Hong Kong’s Hang Seng index slid about 0.63 percent in early trading, while Shanghai’s Stock Exchange Composite index was down about 0.73 percent.
In Europe, markets were down slightly in early trading, with stocks on key indexes in London, Paris and Frankfurt falling 0.2 percent, 0.5 percent and 0.3 percent, respectively. At the same time, the price of gold, considered a safe haven in uncertain times, jumped 0.2 percent to a record high $1,618 an ounce.
In addition to concerns over a possible U.S. default, markets were absorbing a report Monday morning from Moody’s that downgraded Greek debt by three more notches, plunging it deeper into junk bond status and warning that the country is now almost certain to stage at least a limited default. The rating agency also suggested that the comprehensive Greek bailout reached last week could impact the credit ratings of those nations coming to its rescue.
Of particular concern was France, a nation contributing to the Greek bailout but that some analysts have feared could become caught up in the market turbulence hitting Spain and Italy because of its combination of high debt levels and low growth.
Talks between President Obama and House Speaker John A. Boehner (R-Ohio) broke down Friday evening and efforts to restart the negotiations in time for the opening of Asian markets did not make progress.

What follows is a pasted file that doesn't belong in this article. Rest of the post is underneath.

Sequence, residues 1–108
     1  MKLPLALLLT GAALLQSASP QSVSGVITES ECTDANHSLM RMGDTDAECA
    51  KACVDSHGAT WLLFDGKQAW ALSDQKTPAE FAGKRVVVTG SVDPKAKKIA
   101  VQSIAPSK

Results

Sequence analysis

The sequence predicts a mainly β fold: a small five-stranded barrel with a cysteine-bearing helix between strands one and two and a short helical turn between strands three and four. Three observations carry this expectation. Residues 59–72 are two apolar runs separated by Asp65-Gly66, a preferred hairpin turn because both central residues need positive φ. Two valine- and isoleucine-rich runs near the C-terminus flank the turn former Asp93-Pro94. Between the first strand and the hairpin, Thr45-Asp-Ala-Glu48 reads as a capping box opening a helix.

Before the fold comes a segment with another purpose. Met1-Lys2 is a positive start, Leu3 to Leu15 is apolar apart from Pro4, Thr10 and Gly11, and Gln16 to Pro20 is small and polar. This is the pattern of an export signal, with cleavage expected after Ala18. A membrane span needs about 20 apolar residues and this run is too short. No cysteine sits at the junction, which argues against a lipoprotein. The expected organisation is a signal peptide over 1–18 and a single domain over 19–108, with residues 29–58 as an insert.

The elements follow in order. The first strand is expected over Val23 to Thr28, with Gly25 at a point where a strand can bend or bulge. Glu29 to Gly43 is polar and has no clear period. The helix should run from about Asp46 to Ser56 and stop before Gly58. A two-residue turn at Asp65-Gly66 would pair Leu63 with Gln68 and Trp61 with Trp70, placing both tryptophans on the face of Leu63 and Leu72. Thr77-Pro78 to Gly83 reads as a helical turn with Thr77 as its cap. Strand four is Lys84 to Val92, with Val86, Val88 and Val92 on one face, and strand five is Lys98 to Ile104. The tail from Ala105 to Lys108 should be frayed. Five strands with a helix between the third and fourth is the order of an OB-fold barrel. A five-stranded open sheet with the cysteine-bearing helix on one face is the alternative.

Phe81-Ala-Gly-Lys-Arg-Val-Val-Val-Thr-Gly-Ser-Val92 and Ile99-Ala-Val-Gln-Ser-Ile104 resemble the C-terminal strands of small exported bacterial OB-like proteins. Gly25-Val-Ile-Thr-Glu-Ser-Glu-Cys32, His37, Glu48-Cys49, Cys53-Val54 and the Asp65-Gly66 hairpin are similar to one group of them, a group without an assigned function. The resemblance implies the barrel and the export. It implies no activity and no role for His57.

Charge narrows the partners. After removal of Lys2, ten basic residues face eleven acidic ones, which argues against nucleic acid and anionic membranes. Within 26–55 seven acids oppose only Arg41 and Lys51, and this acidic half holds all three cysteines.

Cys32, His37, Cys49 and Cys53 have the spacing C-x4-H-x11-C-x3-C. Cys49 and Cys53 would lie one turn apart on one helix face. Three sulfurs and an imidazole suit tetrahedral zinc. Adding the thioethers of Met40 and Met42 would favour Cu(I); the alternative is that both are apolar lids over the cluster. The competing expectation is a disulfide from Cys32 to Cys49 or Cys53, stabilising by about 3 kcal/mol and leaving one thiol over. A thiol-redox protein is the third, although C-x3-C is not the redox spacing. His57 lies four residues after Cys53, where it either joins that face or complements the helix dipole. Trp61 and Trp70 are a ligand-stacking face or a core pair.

The absence of a bipartisan plan for raising the U.S. debt ceiling, and thus avoiding a potential default on Aug. 2, is fueling concerns in global markets because of the crucial role that U.S. Treasury bonds play in all manner of financial transactions. Some analysts expected investors in Asian markets to price some of that concern into stock values.
“Global markets are going to get more and more jittery the longer we go,” said John Peters, senior economist at the Commonwealth Bank of Australia. “Our economy is actually growing quite strongly at the moment,” he added, “but all bets are off when there’s something big looming on the global horizon.”
But Japanese investors have more reason to be worried about the ongoing stalemate in Washington because the Japanese economy is still recovering from March’s earthquake and tsunami.
“I think the stability of the financial market is a precondition for the Japanese economy to recover,” said Katsuyuki Hasegawa, chief market economist with the Mizuho Research Institute in Tokyo. “That pre-condition is now being threatened by the development in the States.”
In addition to watching the Tokyo and Sydney exchanges, investors and policymakers are eager to see how trading fares on the exchanges in Hong Kong and Shanghai, which are to open shortly.